Surely having national standards is an improvement over the vagueness which has crept into the system over the last 20 years or so.

Don't get me wrong. I'm not saying the scoring system is perfect (yet). And nor am I saying arts and sciences aren't important too. But you gotta read and write to do good science.

There will always be exceptions who excel despite lacking the basics. But these are the exceptions. Perhaps only 0.01% of your "25%" you would rather structure the whole system to cater for?
bsprout said…
I'm sorry Casper, but you seem to have been captured by the spin of National Standards and not the reality. National Standards are not jargon free, try this for size:
Reading Standard by the end of Year 5
By the end of year 5, students will read, respond to, and think critically about texts in order to meet the reading demands of The New Zealand Curriculum as they work towards level 3. Students will locate, evaluate, and integrate information and ideas within and across a small range of texts appropriate to this level as they generate and answer questions to meet specific learning purposes across the curriculum. The text and task demands of the curriculum are similar for students in year 5 and year 6. The difference in the standard for year 6 is the students’ increased accuracy and speed in reading a variety of texts from across the curriculum, their level of control and independence in selecting strategies for using texts to support their learning, and the range of texts they engage with. In particular, by the end of year 6, students will be required to read longer texts more quickly than students in year 5 and to be more effective in selecting different strategies for different reading purposes.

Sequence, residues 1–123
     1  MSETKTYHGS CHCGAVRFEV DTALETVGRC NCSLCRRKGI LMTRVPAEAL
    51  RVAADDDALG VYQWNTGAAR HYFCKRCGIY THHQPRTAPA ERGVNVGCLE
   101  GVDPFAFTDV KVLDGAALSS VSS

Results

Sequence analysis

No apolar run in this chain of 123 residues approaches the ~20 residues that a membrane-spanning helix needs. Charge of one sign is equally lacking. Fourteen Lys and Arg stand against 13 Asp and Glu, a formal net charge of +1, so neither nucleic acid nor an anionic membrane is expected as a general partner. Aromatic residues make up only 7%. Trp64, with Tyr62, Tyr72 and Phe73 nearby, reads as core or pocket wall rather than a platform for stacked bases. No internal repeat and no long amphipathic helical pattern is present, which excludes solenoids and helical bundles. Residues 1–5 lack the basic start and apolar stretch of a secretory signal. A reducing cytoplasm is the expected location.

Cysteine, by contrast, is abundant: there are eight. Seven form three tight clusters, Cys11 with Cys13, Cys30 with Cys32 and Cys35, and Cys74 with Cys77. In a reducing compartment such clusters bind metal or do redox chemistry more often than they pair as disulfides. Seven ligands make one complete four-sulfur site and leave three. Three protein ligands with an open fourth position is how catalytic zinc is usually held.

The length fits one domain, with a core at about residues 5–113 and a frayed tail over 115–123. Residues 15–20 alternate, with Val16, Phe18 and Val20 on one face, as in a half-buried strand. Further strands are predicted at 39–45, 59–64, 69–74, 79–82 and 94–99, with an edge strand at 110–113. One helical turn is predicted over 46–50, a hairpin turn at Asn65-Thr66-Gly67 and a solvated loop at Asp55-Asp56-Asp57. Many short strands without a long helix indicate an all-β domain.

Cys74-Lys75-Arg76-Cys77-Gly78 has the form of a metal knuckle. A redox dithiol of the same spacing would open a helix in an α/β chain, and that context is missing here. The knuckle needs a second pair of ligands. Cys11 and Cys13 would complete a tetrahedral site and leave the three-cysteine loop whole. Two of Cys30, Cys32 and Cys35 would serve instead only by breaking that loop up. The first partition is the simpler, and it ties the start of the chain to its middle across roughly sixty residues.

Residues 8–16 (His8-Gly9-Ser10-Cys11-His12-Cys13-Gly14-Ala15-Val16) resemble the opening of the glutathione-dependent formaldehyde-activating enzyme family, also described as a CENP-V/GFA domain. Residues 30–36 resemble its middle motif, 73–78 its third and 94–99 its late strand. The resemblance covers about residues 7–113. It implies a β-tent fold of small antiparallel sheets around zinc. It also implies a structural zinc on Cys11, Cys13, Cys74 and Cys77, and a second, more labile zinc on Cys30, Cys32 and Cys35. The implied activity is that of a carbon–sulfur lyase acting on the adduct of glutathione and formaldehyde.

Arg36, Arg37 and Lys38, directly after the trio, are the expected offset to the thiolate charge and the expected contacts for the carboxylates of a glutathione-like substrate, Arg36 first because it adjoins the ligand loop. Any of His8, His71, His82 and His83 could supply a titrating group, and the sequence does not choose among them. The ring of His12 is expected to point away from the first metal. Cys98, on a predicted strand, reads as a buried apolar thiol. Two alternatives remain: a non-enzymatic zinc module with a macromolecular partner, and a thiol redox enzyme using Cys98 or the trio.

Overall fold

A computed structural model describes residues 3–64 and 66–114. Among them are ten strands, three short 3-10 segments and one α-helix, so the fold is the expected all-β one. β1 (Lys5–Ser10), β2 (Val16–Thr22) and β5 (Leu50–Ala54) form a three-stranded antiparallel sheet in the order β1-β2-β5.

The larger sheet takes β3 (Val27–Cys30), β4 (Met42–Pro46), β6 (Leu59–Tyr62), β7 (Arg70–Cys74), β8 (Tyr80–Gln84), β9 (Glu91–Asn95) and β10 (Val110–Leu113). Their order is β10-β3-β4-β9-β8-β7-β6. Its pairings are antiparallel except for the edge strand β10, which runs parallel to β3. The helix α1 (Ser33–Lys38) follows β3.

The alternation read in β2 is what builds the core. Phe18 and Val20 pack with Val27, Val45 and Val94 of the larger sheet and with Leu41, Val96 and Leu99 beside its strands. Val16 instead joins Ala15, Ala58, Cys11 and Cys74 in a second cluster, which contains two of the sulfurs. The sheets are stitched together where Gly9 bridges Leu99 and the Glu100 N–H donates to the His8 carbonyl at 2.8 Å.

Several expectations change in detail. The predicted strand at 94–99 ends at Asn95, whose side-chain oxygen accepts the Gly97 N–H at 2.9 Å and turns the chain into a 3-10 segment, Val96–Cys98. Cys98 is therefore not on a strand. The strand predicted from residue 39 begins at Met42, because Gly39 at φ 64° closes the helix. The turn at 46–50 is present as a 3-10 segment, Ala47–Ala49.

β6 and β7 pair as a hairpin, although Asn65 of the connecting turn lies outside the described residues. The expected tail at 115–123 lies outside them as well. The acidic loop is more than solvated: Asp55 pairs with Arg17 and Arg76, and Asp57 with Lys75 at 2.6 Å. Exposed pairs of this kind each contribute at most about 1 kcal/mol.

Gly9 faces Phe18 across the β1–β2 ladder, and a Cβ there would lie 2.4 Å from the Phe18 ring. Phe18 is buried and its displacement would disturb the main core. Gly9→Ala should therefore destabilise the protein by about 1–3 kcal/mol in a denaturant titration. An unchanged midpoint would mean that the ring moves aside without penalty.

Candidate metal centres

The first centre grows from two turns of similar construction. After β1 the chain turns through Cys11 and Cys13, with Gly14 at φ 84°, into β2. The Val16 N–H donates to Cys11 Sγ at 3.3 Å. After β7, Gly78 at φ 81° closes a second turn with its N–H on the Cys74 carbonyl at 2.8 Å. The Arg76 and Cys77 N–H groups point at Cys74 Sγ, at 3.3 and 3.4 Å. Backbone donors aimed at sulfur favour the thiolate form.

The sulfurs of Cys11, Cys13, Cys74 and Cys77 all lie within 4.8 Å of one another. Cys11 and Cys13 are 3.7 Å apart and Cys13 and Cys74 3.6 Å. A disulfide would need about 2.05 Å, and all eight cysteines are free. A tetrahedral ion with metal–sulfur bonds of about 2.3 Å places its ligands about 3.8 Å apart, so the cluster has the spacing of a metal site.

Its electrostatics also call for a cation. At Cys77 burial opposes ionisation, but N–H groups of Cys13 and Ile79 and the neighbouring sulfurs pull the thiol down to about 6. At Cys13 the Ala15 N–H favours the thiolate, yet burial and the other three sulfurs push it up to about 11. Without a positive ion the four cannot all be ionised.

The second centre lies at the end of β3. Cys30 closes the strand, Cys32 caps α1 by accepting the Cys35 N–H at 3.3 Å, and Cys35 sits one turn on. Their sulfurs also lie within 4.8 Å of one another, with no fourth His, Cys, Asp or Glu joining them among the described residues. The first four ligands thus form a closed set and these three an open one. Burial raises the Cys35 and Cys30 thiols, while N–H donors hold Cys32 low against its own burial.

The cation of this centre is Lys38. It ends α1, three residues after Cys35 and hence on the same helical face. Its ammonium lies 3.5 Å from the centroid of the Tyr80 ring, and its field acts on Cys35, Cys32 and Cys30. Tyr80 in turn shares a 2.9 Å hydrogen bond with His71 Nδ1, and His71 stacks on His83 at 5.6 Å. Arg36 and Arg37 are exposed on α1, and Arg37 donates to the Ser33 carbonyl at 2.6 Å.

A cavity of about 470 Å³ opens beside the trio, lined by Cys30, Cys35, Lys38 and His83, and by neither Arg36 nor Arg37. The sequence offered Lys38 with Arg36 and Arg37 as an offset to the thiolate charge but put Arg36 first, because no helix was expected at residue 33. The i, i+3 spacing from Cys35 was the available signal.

I think we will have to agree to disagree, you obviously feel that the one size fits all National Standards are the panacea for educational achievement, while I believe a rich curriculum and recognizing individual needs will serve us best.
mist said…
mentor boys,
group girls.

When I was at school they were screaming "school is failing girls".
It was explain and test.

They have swapped to internal projects and group work, and the boys have taken to this like male flatmates to housework & dishes...
bsprout said…
Interesting analogies, Mist.